Mastaba Tomb of Perneb, Limestone, paint

Mastaba Tomb of Perneb

Old Kingdom
Dynasty 5
reigns of Isesi to Unis
ca. 2381–2323 B.C.
From Egypt, Memphite Region, Saqqara, Tomb of Perneb, Egyptian Antiquities Service/Quibell excavations
Limestone, paint
H. 482.2 cm (15 ft. 9 13/16 in.)
Credit Line:
Gift of Edward S. Harkness, 1913
Accession Number:
On view at The Met Fifth Avenue in Gallery 100
The Location of Perneb’s Tomb

For millennia, the vast cemetery of Saqqara (about twenty-five miles south of Cairo) was the burial ground for Memphis, ancient Egypt’s capital. In an especially crowded section, just north of the enclosure around King Djoser’s Step Pyramid at Saqqara (built during Dynasty 3, ca. 2650 B.C.), a number of courtiers and royal family members of Dynasty 5 (ca. 2465–2323 B.C.) were buried. Among them were Perneb and the vizier Shepsesre, who may have been Perneb’s father.
Perneb’s Tomb: A Mastaba

In many societies graves are covered with mounds of earth and stone. By the beginning of Dynasty 1 (ca. 3100 B.C.) the ancient Egyptians had transformed that simple scheme into a formalized building type that Egyptologists call a mastaba (from the Arabic word for "bench"). The typical mastaba of Perneb’s time was built of stone or brick. Its shape was rectangular, and its height roughly that of a one-story modern house. The roof was flat; the sides were inclined and most often unadorned except for some architectural articulation around the doorway and an occasional inscription along the top and corners. To serve the needs of larger communities, great numbers of mastabas were arranged in rows, forming veritable "cities of the dead."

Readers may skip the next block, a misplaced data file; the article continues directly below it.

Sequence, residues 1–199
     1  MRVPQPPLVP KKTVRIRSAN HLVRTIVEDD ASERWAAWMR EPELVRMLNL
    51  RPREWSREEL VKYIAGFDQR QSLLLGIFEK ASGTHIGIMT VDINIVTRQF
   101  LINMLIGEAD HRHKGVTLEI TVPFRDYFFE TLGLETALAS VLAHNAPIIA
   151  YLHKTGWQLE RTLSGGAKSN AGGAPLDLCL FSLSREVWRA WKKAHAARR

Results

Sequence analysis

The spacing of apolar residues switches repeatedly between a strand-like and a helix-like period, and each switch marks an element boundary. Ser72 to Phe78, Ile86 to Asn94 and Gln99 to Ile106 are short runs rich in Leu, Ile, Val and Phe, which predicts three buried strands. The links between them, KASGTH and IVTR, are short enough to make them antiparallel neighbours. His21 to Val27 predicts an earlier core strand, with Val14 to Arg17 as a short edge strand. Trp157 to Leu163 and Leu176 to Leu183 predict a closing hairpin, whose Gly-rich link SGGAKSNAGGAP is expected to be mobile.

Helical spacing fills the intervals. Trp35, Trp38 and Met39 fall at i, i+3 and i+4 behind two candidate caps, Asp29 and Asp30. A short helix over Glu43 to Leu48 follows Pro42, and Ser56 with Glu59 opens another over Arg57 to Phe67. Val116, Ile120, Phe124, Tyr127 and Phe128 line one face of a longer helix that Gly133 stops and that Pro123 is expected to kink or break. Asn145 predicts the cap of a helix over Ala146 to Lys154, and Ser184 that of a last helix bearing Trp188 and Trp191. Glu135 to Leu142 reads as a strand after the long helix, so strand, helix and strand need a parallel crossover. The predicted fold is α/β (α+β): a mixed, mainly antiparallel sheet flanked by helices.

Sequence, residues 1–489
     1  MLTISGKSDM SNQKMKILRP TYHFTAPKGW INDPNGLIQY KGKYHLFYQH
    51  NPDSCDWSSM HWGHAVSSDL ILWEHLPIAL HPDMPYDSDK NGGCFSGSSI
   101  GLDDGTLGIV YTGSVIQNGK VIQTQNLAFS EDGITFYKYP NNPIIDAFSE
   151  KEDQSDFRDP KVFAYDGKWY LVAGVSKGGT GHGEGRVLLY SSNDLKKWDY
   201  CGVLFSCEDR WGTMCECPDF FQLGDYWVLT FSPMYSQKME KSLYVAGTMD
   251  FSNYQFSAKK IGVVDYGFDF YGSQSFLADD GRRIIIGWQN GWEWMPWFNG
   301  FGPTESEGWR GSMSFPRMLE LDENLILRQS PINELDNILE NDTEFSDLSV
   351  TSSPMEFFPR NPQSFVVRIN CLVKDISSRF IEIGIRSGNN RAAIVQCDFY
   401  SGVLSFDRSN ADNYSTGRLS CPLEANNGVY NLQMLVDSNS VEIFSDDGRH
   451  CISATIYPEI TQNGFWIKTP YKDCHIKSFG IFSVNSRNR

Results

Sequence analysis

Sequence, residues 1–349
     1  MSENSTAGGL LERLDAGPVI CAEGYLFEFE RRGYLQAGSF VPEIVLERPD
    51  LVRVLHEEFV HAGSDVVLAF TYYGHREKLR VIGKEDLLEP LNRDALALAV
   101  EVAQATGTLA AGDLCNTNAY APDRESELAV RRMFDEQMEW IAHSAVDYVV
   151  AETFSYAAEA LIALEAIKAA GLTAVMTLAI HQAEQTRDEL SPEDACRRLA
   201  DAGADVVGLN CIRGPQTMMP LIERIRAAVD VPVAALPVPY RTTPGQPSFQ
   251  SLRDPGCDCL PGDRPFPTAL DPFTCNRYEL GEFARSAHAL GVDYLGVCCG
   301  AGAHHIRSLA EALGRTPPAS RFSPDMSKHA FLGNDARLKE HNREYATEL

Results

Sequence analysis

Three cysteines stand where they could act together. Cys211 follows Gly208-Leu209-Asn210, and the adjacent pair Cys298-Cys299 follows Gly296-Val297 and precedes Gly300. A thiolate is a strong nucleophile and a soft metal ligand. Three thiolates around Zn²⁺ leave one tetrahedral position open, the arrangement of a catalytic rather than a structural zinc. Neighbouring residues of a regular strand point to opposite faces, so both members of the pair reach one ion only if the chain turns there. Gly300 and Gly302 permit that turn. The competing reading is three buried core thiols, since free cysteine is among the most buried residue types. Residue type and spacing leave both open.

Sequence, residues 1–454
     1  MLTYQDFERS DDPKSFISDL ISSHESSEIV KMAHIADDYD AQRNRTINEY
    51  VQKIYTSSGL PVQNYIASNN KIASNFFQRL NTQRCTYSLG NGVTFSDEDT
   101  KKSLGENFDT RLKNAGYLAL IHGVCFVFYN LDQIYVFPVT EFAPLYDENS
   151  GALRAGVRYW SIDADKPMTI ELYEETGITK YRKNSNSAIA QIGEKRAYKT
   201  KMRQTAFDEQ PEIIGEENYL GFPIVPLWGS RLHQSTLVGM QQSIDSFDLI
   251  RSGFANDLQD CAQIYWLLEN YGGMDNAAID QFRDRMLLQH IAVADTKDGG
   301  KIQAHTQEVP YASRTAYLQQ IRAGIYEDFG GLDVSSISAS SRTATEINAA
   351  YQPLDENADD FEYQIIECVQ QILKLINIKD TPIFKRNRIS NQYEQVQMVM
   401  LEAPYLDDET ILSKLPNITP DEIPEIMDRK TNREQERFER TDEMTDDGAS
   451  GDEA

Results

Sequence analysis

Perneb’s Tomb Built Against the Tomb of Shepsesre